US Cotton Crop Concerns
December cotton rallied overnight to its highest level since September 5, as concerns about the US crop appear to be outweighing concerns about demand. Monday’s weekly crop conditions report showed the US crop is close to record low good/excellent ratings and record highs for poor/very poor. It is too late in the season to see much improvement. Any rain at this point could damage open bolls. The consistently poor crop ratings have the trade looking for further revisions lower in future USDA supply/demand reports. This lends support to the market, but demand is still a question, and the steadily increasing dollar makes US exports less competitive on the world market. The trade is also concerned that China has shifted their buying to Brazilian cotton from US cotton. Cumulative US cotton export sales for the 2023/24 marketing year have reached 5.485 million tonnes, which is their lowest for this point in the season since 2016. Sales have reached 47% of the USDA export forecast for the marketing year versus a five-year average of 58% for this point. If export sales do not pick up soon, the USDA may be revising its export forecast lower, along with production.
December coffee bounced yesterday but was back lower overnight, and it could test the August/September lows today. The market managed to move higher yesterday in the face of a steep selloff in equities and weaker Brazilian real, but those forces could put pressure on coffee today if they continue their trends. ICE exchange coffee stocks were unchanged yesterday with no grading taking place, and they remain more than 38,000 bags below where they were at the end of August, putting them on course for an eighth monthly decline in a row. Major Brazilian Arabica growing regions are expected to see rainfall in the coming days, which will offer relief after recent the recent bout of extreme heat, but a warm and mostly dry pattern is expected to return early next week. Hot and dry weather could disrupt flowering and fruit setting for the 2024/25 Arabica crop. The market staged a steep rally off the weather earlier this month but gave up all those gains when the forecast for rain emerged. Rainfall in key coffee growing regions of Vietnam, the world’s largest robusta producer, has been heavy.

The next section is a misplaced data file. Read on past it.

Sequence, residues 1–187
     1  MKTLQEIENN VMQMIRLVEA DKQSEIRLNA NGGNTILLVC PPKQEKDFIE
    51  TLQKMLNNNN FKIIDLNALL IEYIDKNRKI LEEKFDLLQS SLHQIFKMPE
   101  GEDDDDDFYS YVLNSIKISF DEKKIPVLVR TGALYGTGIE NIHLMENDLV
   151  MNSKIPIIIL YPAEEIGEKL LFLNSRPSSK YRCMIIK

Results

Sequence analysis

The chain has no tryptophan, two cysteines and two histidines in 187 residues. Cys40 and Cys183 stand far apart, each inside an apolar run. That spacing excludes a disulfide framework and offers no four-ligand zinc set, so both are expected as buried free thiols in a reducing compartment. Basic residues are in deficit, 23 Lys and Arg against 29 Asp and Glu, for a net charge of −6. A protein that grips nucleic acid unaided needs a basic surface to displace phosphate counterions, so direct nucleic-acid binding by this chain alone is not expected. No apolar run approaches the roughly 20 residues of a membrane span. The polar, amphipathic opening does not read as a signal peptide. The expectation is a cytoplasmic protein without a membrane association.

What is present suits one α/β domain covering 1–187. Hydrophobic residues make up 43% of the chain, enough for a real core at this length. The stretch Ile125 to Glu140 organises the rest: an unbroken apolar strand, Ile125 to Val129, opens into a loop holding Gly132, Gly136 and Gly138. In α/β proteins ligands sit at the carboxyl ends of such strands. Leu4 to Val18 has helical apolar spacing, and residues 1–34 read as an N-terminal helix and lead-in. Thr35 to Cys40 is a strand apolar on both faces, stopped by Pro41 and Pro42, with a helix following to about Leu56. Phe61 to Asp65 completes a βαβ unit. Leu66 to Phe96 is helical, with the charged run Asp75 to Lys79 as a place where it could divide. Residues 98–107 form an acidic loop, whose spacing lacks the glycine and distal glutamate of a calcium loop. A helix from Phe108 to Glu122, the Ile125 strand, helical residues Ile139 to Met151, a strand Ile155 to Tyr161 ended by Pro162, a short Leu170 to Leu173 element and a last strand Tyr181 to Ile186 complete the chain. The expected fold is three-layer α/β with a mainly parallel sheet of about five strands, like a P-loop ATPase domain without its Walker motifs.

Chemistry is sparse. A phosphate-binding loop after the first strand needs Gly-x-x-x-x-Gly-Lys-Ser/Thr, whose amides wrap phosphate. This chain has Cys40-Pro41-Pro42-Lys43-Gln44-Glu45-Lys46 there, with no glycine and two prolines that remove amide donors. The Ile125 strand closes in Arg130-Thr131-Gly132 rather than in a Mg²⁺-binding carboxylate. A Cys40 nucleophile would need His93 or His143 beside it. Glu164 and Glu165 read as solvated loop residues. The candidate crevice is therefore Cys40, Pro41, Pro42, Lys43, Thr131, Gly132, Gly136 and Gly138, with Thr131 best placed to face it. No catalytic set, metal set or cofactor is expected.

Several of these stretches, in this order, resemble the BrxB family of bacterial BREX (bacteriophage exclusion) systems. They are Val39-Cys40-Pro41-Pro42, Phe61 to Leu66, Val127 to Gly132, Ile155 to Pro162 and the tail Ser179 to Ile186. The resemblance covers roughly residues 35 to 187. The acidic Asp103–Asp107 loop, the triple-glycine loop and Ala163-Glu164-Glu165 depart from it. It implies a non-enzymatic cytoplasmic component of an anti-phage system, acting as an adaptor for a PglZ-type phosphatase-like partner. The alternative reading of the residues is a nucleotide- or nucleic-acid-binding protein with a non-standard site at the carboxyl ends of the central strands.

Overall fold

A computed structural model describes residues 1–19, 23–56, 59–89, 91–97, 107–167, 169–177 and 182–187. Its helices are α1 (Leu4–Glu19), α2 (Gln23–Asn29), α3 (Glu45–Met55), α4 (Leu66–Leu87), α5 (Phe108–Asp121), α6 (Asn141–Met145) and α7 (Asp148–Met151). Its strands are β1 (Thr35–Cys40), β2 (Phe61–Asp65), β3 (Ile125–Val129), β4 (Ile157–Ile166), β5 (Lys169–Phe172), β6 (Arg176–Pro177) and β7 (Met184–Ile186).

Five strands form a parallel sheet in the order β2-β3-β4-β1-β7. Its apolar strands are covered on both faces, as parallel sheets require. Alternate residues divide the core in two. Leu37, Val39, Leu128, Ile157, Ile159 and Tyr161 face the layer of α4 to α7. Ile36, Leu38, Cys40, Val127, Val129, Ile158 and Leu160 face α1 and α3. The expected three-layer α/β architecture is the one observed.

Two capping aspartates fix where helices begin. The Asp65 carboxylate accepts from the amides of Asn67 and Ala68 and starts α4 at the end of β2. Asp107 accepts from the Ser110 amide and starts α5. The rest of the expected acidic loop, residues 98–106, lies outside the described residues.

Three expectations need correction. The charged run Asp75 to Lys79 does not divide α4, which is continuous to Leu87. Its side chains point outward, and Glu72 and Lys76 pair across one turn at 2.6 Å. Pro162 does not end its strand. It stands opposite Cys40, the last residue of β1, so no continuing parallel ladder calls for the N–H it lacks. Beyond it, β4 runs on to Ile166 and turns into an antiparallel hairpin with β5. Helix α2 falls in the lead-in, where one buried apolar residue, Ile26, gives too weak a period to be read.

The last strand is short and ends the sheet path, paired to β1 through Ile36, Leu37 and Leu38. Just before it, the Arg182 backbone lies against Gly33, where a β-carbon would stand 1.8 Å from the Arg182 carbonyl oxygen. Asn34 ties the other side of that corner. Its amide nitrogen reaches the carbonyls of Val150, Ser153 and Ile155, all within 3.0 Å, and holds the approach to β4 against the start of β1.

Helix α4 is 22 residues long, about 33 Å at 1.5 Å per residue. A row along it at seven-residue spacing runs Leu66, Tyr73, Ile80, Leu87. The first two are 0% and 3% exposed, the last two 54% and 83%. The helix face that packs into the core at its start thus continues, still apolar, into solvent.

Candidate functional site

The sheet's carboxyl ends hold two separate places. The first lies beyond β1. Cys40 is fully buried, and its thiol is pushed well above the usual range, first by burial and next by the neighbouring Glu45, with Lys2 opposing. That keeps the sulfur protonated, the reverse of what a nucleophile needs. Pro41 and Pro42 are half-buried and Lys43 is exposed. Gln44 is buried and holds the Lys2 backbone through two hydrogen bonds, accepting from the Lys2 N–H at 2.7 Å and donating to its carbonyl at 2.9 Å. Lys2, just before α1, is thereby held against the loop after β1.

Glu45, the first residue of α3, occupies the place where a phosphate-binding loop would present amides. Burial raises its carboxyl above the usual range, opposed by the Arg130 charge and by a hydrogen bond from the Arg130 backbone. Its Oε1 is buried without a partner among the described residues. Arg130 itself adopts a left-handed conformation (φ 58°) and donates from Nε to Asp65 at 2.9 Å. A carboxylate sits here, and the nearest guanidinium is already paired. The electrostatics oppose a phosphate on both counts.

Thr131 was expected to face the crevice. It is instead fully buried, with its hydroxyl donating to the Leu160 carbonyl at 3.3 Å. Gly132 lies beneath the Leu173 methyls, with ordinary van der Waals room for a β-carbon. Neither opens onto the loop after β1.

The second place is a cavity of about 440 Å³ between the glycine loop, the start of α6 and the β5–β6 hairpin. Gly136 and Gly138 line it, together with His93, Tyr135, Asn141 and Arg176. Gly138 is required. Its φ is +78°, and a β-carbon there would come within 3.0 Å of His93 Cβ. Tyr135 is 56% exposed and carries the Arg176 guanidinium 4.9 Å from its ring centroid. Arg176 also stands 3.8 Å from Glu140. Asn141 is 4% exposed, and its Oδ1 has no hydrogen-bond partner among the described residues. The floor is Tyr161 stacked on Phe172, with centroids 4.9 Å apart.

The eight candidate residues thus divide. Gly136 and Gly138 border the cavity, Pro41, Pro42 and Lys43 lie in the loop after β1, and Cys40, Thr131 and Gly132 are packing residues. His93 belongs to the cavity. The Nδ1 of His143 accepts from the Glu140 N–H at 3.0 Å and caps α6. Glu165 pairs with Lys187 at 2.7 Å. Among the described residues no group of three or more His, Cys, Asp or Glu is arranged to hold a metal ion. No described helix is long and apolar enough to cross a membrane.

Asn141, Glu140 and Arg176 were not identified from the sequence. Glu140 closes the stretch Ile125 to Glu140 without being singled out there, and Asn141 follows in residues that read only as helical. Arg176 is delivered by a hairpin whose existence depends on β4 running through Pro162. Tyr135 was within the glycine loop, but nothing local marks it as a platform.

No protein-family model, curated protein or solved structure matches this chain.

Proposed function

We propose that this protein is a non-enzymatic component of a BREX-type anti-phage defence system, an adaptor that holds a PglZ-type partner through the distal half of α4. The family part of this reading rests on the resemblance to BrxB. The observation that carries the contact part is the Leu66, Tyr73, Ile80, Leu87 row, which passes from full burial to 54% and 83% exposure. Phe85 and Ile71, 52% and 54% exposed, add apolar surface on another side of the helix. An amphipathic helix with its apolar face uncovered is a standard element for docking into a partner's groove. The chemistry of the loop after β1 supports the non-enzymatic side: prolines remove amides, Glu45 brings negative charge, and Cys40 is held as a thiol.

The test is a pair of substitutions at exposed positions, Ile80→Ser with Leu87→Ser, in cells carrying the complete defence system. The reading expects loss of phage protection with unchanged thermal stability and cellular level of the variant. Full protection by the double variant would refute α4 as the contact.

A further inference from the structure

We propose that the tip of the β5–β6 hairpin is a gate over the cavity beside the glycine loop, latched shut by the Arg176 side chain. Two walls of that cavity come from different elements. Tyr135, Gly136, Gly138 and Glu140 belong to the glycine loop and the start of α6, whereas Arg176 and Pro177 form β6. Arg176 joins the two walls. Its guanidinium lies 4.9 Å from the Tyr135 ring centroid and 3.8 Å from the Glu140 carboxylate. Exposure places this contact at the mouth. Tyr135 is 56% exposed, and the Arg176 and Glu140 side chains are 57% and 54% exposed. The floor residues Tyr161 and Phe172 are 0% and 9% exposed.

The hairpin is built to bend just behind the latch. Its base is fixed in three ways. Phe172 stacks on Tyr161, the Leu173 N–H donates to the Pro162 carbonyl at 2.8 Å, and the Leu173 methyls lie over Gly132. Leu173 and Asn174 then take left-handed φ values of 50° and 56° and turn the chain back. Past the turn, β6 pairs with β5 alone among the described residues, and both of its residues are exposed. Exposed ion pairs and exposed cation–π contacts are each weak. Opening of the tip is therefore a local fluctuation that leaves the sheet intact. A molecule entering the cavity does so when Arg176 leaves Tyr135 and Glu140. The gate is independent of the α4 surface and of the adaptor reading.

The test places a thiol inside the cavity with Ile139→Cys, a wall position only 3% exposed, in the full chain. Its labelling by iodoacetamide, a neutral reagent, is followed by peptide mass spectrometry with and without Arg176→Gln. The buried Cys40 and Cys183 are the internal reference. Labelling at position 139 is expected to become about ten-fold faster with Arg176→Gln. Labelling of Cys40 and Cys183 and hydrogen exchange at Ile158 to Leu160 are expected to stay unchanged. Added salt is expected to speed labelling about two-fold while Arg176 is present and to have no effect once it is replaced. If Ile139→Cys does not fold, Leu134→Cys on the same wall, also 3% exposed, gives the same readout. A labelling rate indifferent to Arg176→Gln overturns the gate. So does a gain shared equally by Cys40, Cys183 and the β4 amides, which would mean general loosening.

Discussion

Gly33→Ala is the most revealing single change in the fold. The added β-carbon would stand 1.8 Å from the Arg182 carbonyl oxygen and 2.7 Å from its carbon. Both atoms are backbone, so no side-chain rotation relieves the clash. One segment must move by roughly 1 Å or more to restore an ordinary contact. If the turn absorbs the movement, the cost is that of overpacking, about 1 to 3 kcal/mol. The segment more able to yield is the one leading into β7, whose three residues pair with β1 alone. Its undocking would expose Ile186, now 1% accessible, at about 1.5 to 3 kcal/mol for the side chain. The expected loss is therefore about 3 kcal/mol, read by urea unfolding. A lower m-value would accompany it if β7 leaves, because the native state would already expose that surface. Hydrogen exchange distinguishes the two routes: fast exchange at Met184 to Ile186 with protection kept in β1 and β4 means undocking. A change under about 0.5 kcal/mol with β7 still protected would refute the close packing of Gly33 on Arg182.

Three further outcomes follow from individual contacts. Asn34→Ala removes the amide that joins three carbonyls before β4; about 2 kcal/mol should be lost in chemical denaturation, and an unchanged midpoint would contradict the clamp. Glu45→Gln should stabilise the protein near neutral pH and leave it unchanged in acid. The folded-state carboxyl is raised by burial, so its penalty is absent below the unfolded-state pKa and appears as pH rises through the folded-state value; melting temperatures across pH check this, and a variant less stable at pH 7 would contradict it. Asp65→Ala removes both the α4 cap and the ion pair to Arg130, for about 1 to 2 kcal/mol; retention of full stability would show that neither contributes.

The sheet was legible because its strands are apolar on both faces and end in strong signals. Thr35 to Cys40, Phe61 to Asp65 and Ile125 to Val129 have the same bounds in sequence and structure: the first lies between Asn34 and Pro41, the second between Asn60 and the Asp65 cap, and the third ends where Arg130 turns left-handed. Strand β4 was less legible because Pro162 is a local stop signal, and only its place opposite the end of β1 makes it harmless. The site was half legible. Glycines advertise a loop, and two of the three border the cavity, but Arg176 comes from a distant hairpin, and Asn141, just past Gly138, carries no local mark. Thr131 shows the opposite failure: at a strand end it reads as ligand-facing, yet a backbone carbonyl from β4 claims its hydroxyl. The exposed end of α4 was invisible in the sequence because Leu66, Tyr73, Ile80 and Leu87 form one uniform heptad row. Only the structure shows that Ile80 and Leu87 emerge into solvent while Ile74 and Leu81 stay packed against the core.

Cocoa continued its correction of a long-term uptrend overnight with a move to its lowest level since August 24. Weaker equity market action sets a bearish tone from a demand perspective, and ongoing weakness in the euro and British pound make it more expensive for European grinders to buy cocoa. The cocoa market has risen to all-time highs off tight supply and expectations that El Nino will bring lower production for the upcoming season, but El Nino has yet to materialize as a threat to west African producers. It is expected to bring drier than normal conditions to West African and southeast Asian growing areas through the first quarter of 2024, which increases the likelihood that the 2023/24 season will see the third global production deficit in a row. However, the issue this summer has been too much rain, which has created ideal conditions for fungal diseases like black pod and swollen shoot, and growers can use some sunny weather. Until reports of a lack of adequate moisture start to emerge, cocoa may have difficulty resuming its upward track.
March sugar sold off yesterday in the wake of the bimonthly UNICA supply report out of Brazil, but it held support overnight. Declines in the Brazilian real this week have added to the pressure on sugar, as it encourages mills to market their product for export. The UNICA report showed Center-South sugar production during the first half of September at 3.116 million tonnes, up from 2.871 million for the same period last year. Cane harvest is up 10% from last year. Sugar’s share of crushing for the first half of September was 51.1% versus 48.9% for ethanol. This was the highest reading for sugar’s share so far for the 2023/24 season, and it was the fifth report in a row above 50%. Center-South domestic ethanol sales during the first half of September were 12.5% above last year. Strong Brazilian production is bearish, but El Nino and the potential disruptions to Asian output remain in the background.
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